Thread Starter 
Great info! Thanks..

post #6 of 26
I pretty agree with BDL and want to really press the point about butter vs. oil in a roux. You can really use either as they act in the same way. The fat you use will contribute some flavor (as in butter) or lack thereof (as in vegetable oil). When making a lighter roux I almost always choose butter as I feel the butter helps to enrich the dish, but when it comes to making dark rouxs I usually choose oil as the solids in butter can burn at the high temperatures reached in making dark rouxs. Heck you could even use bacon fat or duck fat, to make a roux, if you want. In fact, that is basically what you are doing when you sprinkle flour into browning meat, before adding liquid. Your choice of fat to make your roux really depends on the application and the final product you desire.
post #7 of 26
Slghtly off-topic here, but isn't File powder (powdered sassafrass leaf) traditionally used as a thickener in combination with roux for gumbo? And does fresh okra also have some thickening power as well?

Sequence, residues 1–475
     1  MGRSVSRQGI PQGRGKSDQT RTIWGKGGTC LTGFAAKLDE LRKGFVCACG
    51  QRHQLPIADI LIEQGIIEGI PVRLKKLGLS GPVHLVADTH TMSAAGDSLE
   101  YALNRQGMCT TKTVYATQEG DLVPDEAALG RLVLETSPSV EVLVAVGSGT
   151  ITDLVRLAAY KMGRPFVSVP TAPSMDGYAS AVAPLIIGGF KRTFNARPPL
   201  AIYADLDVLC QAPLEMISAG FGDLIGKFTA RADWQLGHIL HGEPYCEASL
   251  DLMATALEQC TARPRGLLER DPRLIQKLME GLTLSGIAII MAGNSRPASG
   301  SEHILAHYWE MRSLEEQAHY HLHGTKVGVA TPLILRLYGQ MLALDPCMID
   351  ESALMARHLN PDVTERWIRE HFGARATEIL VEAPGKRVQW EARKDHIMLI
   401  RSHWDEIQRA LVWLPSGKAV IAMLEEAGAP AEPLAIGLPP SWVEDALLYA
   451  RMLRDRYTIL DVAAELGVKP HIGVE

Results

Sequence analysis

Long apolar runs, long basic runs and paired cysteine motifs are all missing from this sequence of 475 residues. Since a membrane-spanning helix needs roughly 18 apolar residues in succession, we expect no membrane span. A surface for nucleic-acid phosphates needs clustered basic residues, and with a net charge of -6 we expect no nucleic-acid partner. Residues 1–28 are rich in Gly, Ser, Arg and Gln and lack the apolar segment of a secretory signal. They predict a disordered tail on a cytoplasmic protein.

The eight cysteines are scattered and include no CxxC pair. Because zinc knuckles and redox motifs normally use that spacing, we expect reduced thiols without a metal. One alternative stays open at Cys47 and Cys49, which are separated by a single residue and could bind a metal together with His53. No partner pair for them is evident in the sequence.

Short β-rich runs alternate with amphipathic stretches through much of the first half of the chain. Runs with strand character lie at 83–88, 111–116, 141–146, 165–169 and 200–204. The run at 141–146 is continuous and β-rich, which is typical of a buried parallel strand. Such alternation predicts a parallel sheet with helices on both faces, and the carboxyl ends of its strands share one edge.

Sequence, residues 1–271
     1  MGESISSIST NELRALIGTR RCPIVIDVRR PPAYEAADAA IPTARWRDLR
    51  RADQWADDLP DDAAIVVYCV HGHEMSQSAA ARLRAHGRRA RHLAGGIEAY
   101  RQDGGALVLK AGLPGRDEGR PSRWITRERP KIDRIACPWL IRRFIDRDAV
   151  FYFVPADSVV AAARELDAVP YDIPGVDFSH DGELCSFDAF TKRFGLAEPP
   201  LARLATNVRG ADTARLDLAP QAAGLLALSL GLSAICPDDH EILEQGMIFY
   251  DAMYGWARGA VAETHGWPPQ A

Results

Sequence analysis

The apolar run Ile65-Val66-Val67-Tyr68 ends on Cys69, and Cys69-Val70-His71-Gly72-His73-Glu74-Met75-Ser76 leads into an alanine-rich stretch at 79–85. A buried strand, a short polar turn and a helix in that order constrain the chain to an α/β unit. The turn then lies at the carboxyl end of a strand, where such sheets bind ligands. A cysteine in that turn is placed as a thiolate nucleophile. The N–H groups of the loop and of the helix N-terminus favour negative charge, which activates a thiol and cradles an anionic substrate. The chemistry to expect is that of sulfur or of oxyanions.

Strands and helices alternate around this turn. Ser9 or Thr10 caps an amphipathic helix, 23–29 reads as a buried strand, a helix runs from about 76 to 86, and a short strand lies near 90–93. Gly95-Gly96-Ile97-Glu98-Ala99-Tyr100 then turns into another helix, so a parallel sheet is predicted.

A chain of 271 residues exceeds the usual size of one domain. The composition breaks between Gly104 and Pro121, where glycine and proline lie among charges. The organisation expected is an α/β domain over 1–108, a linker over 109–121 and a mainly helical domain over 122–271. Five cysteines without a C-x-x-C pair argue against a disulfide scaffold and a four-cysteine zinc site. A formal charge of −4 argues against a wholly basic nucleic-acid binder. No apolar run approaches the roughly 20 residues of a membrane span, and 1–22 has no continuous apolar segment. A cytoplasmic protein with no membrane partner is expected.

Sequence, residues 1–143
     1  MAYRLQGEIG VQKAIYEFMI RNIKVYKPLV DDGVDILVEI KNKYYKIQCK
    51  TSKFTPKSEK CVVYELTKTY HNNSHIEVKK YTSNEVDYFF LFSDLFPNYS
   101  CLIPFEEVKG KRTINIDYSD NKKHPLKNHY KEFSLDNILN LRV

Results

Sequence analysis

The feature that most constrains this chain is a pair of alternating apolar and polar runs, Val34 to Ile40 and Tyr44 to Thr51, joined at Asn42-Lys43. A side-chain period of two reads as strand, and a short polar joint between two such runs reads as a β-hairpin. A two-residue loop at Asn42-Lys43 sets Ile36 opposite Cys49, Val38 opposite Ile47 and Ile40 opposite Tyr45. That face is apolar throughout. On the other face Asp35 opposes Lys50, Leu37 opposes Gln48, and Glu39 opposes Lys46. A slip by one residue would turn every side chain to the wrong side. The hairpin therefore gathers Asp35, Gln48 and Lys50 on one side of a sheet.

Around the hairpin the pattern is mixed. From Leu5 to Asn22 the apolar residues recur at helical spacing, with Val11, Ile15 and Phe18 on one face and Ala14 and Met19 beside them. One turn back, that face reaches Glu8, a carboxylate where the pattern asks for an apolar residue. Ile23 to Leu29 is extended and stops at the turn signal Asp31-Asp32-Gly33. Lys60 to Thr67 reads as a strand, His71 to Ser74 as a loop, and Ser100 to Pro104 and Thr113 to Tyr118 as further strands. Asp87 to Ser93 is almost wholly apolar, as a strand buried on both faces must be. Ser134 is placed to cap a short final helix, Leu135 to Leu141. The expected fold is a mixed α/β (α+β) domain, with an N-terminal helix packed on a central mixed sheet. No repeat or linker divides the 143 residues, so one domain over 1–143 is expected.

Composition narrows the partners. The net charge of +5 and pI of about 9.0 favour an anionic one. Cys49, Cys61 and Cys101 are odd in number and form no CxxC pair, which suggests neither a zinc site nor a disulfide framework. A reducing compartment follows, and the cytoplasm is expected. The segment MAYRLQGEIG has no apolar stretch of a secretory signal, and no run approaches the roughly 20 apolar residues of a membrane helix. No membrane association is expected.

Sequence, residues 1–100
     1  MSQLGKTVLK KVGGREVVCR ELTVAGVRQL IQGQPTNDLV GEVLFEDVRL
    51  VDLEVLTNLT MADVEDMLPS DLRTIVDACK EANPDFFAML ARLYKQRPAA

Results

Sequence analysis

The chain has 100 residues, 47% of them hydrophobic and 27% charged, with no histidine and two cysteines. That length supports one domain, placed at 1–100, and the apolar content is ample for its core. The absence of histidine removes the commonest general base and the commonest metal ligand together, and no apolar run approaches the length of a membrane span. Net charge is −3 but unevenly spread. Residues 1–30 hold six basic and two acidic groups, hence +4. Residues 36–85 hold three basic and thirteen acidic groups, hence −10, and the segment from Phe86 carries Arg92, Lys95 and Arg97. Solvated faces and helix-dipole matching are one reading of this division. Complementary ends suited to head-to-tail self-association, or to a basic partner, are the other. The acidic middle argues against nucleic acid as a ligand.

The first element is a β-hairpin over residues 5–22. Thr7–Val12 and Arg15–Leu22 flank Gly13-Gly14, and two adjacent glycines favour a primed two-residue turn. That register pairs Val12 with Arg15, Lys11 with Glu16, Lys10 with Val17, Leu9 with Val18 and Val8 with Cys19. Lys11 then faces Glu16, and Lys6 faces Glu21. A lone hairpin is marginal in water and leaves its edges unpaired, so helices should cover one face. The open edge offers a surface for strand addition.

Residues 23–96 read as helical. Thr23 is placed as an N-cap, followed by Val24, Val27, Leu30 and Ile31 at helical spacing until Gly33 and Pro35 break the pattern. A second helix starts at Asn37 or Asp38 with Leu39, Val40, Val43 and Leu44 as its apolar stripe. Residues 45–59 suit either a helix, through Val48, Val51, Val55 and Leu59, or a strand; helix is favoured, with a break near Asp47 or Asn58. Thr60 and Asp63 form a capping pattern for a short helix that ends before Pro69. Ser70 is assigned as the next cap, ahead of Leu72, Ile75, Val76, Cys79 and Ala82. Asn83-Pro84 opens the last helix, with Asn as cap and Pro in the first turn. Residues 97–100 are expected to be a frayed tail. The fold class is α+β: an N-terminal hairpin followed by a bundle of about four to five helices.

...."This whole reality thing is really not what I expected it would be"......
...."This whole reality thing is really not what I expected it would be"......
post #8 of 26
You are right Chef .!Gumbo File Powder is used both to flavour and thicken. Most people not familiar with it use it wrong. It should be added after gumbo is cooked, as if you boil it it breaks and gets stringy. It does not lend itself to freezing either. It thickens fairly clear more like a starch over a flour. Hope this helps.:chef:
post #9 of 26
Hi there,

When I'm making my gumbo I start by making a walnut roux (1/2c. oil, 3/4c. flour). Once it has reached the desired color I add my sausage, then the trinity, then a few tablespoons of Cajun seasoning. I cook the trinity down until the vegetables are a bit softened, stirring frequently.